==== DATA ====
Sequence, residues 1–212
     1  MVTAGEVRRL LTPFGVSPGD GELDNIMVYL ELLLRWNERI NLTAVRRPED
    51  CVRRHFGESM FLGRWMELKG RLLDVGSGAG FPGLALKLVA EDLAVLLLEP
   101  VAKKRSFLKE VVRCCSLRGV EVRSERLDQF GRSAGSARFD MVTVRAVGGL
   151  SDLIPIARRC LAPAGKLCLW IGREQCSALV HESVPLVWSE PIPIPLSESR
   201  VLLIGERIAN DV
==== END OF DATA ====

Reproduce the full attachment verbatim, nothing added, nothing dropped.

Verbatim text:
Sequence, residues 1–212
     1  MVTAGEVRRL LTPFGVSPGD GELDNIMVYL ELLLRWNERI NLTAVRRPED
    51  CVRRHFGESM FLGRWMELKG RLLDVGSGAG FPGLALKLVA EDLAVLLLEP
   101  VAKKRSFLKE VVRCCSLRGV EVRSERLDQF GRSAGSARFD MVTVRAVGGL
   151  SDLIPIARRC LAPAGKLCLW IGREQCSALV HESVPLVWSE PIPIPLSESR
   201  VLLIGERIAN DV